Thermal power plants accounted for 38 percent of U.S. freshwater withdrawals in 2010, according to the U.S. Geological Survey. Both withdrawals and consumption will change as the Clean Power Plan is implemented.

The changes depend on two factors, according to Clemmer: generation technology and cooling technology.

Wind turbines and solar photovoltaic panels are two generation technologies that withdraw and use almost no water. The Clean Power Plan notes that generating 20 percent of the nation’s electricity from wind, solar, and geothermal by 2030 is technically feasible. What might this look like for water?

The Department of Energy has a partial answer. In the Wind Vision study, published in March 2015, the department found that boosting wind power to 20 percent of U.S. electricity generation by 2030 would cut water withdrawals by 4 percent and consumption by 11 percent. The wind target of 20 percent is similar to what the U.S. Energy Information Administration says is likely for renewable energy development under the Clean Power Plan, Clemmer said.

Some regions stand to benefit more than others. The wind study found that in 11 of the country’s 18 largest watersheds, water consumption was reduced by more than 30 percent. The biggest declines are in the Great Plains, Northeast, Pacific Northwest, and Upper Midwest.

Water savings also come from a shift to natural gas. Combined cycle turbines, which run on natural gas, are much more water-efficient than the steam turbines that drive many coal plants. Combined cycle turbines waste less heat and thus require less water for cooling.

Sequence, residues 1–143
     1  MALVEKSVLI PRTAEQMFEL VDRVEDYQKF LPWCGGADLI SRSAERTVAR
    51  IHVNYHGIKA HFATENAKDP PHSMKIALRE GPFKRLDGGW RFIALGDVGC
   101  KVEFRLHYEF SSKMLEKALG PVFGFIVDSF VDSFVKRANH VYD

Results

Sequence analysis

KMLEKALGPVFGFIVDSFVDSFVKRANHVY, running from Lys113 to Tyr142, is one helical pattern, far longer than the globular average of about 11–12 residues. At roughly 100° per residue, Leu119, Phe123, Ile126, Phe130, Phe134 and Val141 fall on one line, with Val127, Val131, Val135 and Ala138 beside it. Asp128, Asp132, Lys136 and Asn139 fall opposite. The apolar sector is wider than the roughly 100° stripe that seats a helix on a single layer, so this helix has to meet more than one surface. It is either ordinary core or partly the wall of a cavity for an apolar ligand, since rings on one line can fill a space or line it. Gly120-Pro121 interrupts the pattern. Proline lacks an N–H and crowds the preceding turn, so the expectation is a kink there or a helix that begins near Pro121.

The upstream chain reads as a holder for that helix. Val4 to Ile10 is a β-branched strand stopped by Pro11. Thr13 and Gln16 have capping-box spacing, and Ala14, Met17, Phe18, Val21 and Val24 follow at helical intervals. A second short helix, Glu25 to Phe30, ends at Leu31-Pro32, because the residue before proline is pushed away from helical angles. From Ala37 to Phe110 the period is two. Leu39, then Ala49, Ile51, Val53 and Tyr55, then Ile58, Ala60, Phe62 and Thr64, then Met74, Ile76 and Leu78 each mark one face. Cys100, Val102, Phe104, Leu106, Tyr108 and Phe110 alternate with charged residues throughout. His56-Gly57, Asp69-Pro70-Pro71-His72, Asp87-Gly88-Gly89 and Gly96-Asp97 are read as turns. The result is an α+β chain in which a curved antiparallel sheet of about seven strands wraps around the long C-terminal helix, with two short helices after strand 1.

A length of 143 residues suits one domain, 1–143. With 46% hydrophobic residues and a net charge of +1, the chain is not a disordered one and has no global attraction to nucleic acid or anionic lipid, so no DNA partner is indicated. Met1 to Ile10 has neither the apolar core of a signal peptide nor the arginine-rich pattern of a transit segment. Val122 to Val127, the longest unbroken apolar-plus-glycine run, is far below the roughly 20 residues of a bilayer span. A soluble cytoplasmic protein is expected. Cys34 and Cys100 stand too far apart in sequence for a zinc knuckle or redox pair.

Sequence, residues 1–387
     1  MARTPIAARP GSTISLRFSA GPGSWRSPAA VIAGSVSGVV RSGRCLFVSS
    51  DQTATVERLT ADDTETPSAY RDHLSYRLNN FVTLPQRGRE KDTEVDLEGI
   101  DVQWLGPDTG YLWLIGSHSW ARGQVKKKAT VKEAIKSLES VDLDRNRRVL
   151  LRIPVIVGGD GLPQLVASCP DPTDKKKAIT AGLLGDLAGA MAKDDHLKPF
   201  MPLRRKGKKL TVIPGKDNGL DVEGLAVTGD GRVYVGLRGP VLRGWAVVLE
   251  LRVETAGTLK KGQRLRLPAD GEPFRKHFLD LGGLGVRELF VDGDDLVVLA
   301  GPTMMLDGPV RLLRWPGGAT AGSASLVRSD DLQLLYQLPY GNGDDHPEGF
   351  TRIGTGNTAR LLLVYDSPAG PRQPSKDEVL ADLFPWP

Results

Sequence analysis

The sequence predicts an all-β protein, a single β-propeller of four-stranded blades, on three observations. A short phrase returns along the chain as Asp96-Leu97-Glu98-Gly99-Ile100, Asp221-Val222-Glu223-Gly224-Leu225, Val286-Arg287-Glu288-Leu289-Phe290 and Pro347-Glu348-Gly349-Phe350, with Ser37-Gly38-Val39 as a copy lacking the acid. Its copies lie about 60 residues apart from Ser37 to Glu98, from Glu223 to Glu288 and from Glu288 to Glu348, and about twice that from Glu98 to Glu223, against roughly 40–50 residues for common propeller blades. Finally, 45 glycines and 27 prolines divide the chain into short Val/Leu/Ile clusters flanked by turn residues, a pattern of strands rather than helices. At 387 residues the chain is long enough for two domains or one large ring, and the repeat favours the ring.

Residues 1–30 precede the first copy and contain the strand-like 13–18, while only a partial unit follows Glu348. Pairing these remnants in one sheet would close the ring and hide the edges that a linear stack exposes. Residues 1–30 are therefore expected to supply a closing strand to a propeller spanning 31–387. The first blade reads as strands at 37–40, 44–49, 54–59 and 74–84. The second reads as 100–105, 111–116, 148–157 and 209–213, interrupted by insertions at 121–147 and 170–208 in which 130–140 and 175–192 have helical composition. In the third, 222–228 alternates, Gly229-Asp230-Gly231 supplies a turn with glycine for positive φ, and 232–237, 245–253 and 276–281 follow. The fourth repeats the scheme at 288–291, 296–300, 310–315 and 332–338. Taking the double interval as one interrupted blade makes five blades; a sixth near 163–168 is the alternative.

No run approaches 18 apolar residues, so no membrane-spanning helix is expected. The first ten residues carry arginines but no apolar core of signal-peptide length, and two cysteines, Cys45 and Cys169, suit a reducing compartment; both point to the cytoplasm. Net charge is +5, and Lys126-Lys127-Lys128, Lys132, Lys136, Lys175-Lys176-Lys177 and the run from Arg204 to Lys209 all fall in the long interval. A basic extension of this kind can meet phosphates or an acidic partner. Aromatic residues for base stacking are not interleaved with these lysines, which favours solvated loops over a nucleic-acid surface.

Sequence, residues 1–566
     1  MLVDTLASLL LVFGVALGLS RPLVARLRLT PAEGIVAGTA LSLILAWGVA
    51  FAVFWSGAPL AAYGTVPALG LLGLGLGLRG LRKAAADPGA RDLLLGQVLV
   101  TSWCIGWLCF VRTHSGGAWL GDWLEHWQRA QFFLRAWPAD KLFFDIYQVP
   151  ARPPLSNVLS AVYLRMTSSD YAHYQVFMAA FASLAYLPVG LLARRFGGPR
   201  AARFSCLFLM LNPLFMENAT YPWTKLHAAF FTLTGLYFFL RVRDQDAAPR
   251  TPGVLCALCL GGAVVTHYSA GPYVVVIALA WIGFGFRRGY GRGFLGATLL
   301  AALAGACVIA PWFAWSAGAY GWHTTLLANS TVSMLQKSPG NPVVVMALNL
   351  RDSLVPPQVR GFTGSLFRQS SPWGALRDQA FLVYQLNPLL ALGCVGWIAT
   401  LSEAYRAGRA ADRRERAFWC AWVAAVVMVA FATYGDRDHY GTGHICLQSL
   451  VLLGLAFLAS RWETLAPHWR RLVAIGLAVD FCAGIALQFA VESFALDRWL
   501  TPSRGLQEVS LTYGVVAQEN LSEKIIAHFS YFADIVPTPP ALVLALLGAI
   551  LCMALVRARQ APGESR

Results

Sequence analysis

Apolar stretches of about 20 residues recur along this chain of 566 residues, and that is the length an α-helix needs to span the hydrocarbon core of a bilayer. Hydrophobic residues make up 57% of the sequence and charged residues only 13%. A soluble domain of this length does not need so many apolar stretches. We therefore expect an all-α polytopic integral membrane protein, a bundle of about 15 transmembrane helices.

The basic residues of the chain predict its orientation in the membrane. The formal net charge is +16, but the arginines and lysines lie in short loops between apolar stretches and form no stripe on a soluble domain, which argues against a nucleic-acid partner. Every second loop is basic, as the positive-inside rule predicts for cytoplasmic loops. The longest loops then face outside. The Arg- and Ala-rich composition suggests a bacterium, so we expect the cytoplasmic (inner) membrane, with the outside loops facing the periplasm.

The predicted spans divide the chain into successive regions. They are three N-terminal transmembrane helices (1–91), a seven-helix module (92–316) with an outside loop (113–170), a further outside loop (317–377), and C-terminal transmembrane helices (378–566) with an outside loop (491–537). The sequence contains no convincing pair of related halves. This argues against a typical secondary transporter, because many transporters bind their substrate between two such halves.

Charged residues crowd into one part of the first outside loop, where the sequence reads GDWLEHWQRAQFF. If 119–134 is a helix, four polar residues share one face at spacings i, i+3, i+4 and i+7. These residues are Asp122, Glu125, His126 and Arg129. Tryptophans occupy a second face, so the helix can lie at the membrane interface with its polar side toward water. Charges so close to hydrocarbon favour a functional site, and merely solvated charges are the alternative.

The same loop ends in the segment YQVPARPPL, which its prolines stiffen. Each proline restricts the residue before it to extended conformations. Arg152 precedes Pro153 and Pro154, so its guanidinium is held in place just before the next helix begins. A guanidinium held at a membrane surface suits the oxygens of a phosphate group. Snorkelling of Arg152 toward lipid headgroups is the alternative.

Researchers at the University of Texas measured water consumption for the two technologies in Texas. They found that facilities with natural gas combined cycle turbines used three times less water per kilowatt-hour than coal plants with steam turbines.

“We’ve already seen such a reduction in water use in Texas because of the large number of combined cycle plants that were built since 2000,” Bridget Scanlon, a research scientist and the study’s lead author, told Circle of Blue. Scanlon said that the data on water consumption from Texas can be used for national comparisons.

The Clean Power Plan does not directly address cooling technology, which is covered in a separate EPA rule that was released in 2014. Most of the coal plants that will be retired because of the Clean Power Plan, however, use a technology called once-through cooling that requires massive water withdrawals. Ending the use of plants with once-through cooling will reduce withdrawals and prevent millions of fish larvae from being destroyed by the intake pumps.

Water Quality

Coal plants are the largest source of mercury emissions in the United States, contributing roughly 55 percent of the total, according to the U.S. Geological Survey. Some of the mercury in the air eventually settles in rivers and lakes, where it is consumed by fish and leads to fishing restrictions for people.

Mercury’s ability to impair infant brains is well understood, but less certain is how much of the power plant emissions turn up in water bodies.

“Sourcing the mercury that is getting into rivers, I would say, is one of the most poorly understood aspects of environmental mercury research,” Dave Krabbenhoft, a research hydrologist at the U.S. Geological Survey, told Circle of Blue.

Krabbenhoft’s colleague Mark Brigham said that there will be a reduction in mercury deposition into rivers, but pinning down an exact number is difficult. The amount that falls out of the sky varies depending on the quality of the coal, the form of mercury that is emitted, wind patterns, and atmospheric chemistry, Brigham explained.

Nonetheless, the regions with the highest concentration of coal plants and the communities downwind, particularly in the eastern half of the United States, will reap the greatest benefit.

“If you live in upstate New York and Pennsylvania and you’re downwind of the Ohio Valley and other places where there have historically been tightly clustered coal burning units in that part of the world, we would expect to see improvement in those areas,” Krabbenhoft said.

The U.S. Supreme Court struck down an EPA rule in June that addresses mercury pollution from power plants, but the Clean Power Plan will also help reduce emissions. The EPA will resubmit a revised mercury rule by spring of 2016.